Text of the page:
Brexit – Friends no more?

epa08265018 European Union chief Brexit negotiator Michel Barnier (R) and the British Prime Minister's Europe adviser David Frost (L) at start of the first round of post -Brexit trade deal talks between the EU and the UK, in Brussels, Belgium, 02 March 2020. The first round of talks will run until Thursday 05 March. EPA-EFE/OLIVIER HOSLET / POOL

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This article by Matthew Bugeja was first published on Diplomatique.Expert

Brexit is done. Sort of. But not really. The interesting part is just beginning.

When there is a divorce, there are two parts (although those who have been through a divorce might dispute this, depending on how cooperative their former partner is during proceedings, but I digress). There is the part in which the partners divide up assets and agree to a split in the first place. That part is done, as far as the UK & the EU are concerned. Then there is the second part, which can be a little tricky in some cases. That is trying to determine how the two parties will coexist after the divorce, which can be a minefield when children are involved. In the case of the UK & the EU, there are no children per se, but neither side is looking to ignore the other once the UK no longer forms part of the EU’s legislative framework. Trade is a big deal for the two sides, amongst other important areas of cooperation such as security, justice, taxation and financial services.

That is why developments in the past week have taken a rather nasty turn.

This past Thursday, the British government released its objectives for the trade talks, which would guide its mindset moving forward.  The UK has rejected an EU demand that it remains close to European standards on labour issues, environmental protection and state aid. All of these have their own merits, but the last one in particular will be seen as jarring in Brussels. State aid is effectively when the national government intervenes in order to assist an industry or company through the means of subsidies or direct financial intervention. If the British government were to do that, it might provide British companies with what is a comparatively unfair advantage in comparison to EU companies and governments, who must abide by strict rules in cases of state aid.

To add to the tensions, the Prime Minister’s top advisers have said that if the outlines for a deal were not completed by June, they would begin to make preparations for a no-deal Brexit. This is something that economists and policy makers have long warned would have considerable implications for the British economy, with some impact also for the European economy. The British government is also rejecting any notion of the European Court of Justice being granted the ability to adjudicate whether it is abiding the terms and standards of any deal agreed. In short, the two sides are very, very far apart on some fundamental issues.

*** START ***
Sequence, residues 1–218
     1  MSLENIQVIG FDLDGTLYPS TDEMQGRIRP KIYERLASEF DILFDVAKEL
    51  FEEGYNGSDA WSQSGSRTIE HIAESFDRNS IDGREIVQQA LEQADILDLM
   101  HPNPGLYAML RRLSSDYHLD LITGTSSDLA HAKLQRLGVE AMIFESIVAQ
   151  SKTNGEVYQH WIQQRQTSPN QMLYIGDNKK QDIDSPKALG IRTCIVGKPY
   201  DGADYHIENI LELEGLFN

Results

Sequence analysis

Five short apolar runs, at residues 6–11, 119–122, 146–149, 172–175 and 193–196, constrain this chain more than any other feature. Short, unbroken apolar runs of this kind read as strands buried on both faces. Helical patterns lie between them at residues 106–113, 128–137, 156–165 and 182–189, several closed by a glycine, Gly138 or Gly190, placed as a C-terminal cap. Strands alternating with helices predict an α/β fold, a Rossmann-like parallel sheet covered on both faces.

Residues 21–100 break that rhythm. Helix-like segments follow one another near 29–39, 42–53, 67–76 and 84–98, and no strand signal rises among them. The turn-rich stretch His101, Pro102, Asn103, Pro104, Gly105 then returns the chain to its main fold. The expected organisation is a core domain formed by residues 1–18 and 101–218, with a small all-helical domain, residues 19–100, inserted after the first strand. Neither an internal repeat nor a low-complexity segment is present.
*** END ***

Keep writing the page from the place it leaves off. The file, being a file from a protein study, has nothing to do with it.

Could this be a part of the British negotiating strategy? Of course. When two sides approach a negotiation, they tend to be quite far apart on reaching a mutually agreeable compromise. The difference here, however, is that the British have made what they call “reclaiming sovereignty” a key tenet of the negotiations, and of the new Boris Johnson government. This means that they would find it difficult, in principle if not reality, of reaching any compromise which makes it seem like not much would change in the relationship between the EU & UK. Politically, it can be done, with a bit of PR spin. But reclaiming sovereignty is a big issue for Boris Johnson, and he will make sure that the European authorities know that.l

A deal can be reached between the two sides. It is not impossible. But given the short time frames, being that of the end of 2020 (let alone June), it is going to be quite difficult to reach a comprehensive agreement that covers all sectors, ranging from health to immigration, from financial services to trade. All the good will in the world cannot overcome the communication required between negotiators and their leaders, whilst balancing against impacts on national industries and the general population. The UK has made it clear that it will not budge on a few key issues, but they will have to, if their aim is to reach a mutually-beneficial settlement by the end of 2020. Time is short. Now is the time for the opening gambits and posturing, but that should be disposed of quickly, and the real negotiating should begin sooner rather than later.

Brexit has been a challenging issue for the last four years or so. It is time that it is brought to a close. Negotiations are tough affairs, not meant for the faint of heart. But if the UK and the EU are to move forward together as partners, there needs to be some element of flexibility. Without it, they are bound to drift apart – and that would be unfortunate for all involved.

This article by Matthew Bugeja was first published on Diplomatique.Expert.

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